I'm honestly not sure what the question is, but I'll take my best shot at commenting on what I think are your points.

                      I have no intention to criticize you or your understanding and hope it doesn't come across that way, but how many people do you know who have a decent idea of what the inflation (CPI) adjusted return on the Dow has been over the last year or 5, 10 or even 20 years?

                      My point here is that the folk whom you think are smart may not be as smart as you think they are. And yes, they are making a buck but how much real and true world purchasing power are they actually getting?

                      My point is also that the general level of understanding of basic economics, per the Austrian school (and also just raw common sense), is woefully lacking and has been for literally decades. I had no idea they even existed until I did independent study in the '70s for example.

                      There's no question that some are investing in industries that create more value than inflation eats away too.
                      http://www.NowAndTheFuture.com

                      Comment


                      • #12
                        Re: Will The Real Inflation Please Stand Up?

                        Bart, I think he was agreeing and understanding, but feeling pretty awful about the ramifications of the reality of what you are saying. I'm feeling pretty much the same way - when you think that you have to have a return of 5% minimum before you even start gaining wealth (after inflation).

                        When most reports will say you are losing 2-3% a year to inflation, most people can stomach that, and can understand that (as we see prices on food, gas, clothing go up over time). But when you show strong evidence that your 5% online savings account or bond fund in fact is not beating inflation, when you look at it the first time and that light goes on, you do a double take.

                        The argument and numbers that Mr. Krowne have shown in this posting are very clear, and should be very convincing to anyone with an open mind. That does not make it any easier to stomach.

                        Indeed, reality is often the hardest thing to accept, whether it's how much weight you've gained since high school or how much your bank account, your currency, or even your country is in trouble because of factors such as the ones illuminated here.

                        Comment


                        • #13
                          Re: Will The Real Inflation Please Stand Up?

                          Originally posted by DemonD
                          Bart, I think he was agreeing and understanding, but feeling pretty awful about the ramifications of the reality of what you are saying. I'm feeling pretty much the same way - when you think that you have to have a return of 5% minimum before you even start gaining wealth (after inflation).

                          When most reports will say you are losing 2-3% a year to inflation, most people can stomach that, and can understand that (as we see prices on food, gas, clothing go up over time). But when you show strong evidence that your 5% online savings account or bond fund in fact is not beating inflation, when you look at it the first time and that light goes on, you do a double take.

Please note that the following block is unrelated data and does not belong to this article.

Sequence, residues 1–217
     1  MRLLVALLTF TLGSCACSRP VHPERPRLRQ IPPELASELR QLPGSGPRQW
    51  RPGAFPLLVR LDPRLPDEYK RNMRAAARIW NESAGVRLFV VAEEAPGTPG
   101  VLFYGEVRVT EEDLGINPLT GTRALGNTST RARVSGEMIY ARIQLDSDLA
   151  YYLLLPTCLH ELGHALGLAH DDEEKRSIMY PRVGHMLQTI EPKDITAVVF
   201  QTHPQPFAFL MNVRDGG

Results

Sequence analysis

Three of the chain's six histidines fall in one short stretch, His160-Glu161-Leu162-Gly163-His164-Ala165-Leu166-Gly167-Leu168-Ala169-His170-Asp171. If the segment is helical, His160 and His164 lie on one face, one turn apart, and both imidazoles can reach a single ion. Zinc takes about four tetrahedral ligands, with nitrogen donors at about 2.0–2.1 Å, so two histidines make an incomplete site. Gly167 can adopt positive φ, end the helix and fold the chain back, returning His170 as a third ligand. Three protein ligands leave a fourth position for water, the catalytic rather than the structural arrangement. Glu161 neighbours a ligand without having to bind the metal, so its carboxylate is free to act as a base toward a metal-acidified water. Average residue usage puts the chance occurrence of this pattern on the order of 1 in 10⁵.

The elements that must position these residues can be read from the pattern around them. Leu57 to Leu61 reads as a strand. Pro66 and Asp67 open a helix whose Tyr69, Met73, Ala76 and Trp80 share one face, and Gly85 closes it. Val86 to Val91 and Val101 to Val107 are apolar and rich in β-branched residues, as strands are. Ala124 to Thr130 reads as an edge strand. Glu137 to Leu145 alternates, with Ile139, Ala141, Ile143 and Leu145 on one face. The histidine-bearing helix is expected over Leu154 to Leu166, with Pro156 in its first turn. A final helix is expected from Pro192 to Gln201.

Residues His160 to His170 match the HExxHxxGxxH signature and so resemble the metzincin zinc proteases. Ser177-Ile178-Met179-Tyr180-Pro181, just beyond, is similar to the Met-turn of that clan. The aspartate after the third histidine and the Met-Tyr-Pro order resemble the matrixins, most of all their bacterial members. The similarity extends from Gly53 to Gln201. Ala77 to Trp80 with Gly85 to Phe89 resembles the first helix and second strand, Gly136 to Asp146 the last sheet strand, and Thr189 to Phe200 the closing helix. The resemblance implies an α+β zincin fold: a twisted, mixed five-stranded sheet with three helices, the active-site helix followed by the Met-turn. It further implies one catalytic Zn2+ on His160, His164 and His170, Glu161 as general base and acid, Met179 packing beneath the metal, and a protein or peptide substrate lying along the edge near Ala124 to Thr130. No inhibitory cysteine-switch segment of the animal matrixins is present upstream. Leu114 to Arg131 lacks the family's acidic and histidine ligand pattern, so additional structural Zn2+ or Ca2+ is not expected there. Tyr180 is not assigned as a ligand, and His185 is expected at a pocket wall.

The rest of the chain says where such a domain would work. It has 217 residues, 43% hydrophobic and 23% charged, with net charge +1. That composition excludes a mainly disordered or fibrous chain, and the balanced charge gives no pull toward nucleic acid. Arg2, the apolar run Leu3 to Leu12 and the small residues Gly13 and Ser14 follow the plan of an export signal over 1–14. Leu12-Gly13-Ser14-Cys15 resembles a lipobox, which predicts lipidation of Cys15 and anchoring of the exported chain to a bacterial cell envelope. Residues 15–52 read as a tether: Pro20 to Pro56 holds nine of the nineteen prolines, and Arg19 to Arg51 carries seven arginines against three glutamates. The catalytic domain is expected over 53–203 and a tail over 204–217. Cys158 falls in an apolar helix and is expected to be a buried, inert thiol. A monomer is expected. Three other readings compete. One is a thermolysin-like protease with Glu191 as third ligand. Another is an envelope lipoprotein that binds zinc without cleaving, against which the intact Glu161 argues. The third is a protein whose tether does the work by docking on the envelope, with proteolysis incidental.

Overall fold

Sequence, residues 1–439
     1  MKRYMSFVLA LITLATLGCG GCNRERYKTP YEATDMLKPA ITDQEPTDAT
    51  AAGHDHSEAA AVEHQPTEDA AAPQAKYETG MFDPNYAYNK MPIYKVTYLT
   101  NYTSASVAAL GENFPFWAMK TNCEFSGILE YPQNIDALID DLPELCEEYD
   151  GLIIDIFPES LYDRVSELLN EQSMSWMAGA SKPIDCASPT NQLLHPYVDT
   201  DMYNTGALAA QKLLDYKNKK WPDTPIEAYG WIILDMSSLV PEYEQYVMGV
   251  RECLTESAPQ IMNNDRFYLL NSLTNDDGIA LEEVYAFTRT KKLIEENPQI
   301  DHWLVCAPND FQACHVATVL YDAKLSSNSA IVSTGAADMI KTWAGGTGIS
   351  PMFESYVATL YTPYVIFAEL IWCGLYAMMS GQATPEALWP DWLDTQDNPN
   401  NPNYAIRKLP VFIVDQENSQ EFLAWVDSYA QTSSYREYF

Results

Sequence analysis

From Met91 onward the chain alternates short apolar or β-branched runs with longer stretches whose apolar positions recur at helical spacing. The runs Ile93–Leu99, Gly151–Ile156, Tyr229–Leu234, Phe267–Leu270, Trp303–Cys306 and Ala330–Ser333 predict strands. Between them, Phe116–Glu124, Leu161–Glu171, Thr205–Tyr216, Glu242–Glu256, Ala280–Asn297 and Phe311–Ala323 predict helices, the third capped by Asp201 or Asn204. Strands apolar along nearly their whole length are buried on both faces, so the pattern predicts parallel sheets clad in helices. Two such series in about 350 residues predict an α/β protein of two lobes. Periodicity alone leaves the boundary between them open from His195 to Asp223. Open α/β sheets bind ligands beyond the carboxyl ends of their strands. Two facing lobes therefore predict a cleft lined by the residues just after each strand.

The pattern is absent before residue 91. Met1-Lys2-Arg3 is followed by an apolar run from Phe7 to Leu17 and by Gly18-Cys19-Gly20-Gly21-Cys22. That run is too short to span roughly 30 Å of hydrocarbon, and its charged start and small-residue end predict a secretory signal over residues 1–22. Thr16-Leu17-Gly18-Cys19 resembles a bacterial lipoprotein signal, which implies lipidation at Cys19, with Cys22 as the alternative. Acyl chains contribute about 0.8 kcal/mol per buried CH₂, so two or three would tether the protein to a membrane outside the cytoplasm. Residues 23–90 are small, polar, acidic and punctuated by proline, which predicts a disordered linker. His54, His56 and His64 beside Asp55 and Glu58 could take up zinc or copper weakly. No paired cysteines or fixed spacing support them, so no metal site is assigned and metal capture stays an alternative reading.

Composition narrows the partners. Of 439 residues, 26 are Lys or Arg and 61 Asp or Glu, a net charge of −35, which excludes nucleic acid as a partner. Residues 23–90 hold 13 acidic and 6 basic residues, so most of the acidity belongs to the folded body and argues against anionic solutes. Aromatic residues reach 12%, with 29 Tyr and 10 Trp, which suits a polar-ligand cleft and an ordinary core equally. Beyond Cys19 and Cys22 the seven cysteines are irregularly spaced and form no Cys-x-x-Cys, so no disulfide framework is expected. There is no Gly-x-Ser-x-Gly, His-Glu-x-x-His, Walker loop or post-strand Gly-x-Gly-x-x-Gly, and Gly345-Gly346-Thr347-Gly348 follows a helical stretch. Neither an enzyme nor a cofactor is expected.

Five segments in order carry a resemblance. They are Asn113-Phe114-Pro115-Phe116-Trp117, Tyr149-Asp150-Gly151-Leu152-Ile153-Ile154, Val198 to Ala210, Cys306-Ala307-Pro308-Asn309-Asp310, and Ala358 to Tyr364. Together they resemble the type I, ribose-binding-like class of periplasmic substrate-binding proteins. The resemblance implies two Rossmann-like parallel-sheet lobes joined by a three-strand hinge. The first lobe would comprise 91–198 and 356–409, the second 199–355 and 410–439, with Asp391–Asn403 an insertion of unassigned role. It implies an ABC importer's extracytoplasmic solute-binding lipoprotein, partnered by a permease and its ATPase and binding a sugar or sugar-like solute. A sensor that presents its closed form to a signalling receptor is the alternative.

The argument and numbers that Mr. Krowne have shown in this posting are very clear, and should be very convincing to anyone with an open mind. That does not make it any easier to stomach.

                          Indeed, reality is often the hardest thing to accept, whether it's how much weight you've gained since high school or how much your bank account, your currency, or even your country is in trouble because of factors such as the ones illuminated here.

                          Thanks DemonD, I totally missed that side of it.

                          I can't tell you how many times over the last few years, as I've been continuing to bring myself more out of the dark about finance and economics and the whole "game", that I've been mad or sad or disgusted or even in despair.

                          I was rattled and upset enough about what I found with the TIO issues (another thread and the subject of an article I wrote recently) that it took about a month after I'd worked out what was possibly going on with stock market manipulation before I could actually write the article.
                          http://www.NowAndTheFuture.com

                          Comment


                          • #14
                            Re: Will The Real Inflation Please Stand Up?

                            Originally posted by DemonD
                            Bart, I think he was agreeing and understanding, but feeling pretty awful about the ramifications of the reality of what you are saying. I'm feeling pretty much the same way - when you think that you have to have a return of 5% minimum before you even start gaining wealth (after inflation).

                            When most reports will say you are losing 2-3% a year to inflation, most people can stomach that, and can understand that (as we see prices on food, gas, clothing go up over time). But when you show strong evidence that your 5% online savings account or bond fund in fact is not beating inflation, when you look at it the first time and that light goes on, you do a double take.

                            The argument and numbers that Mr. Krowne have shown in this posting are very clear, and should be very convincing to anyone with an open mind. That does not make it any easier to stomach.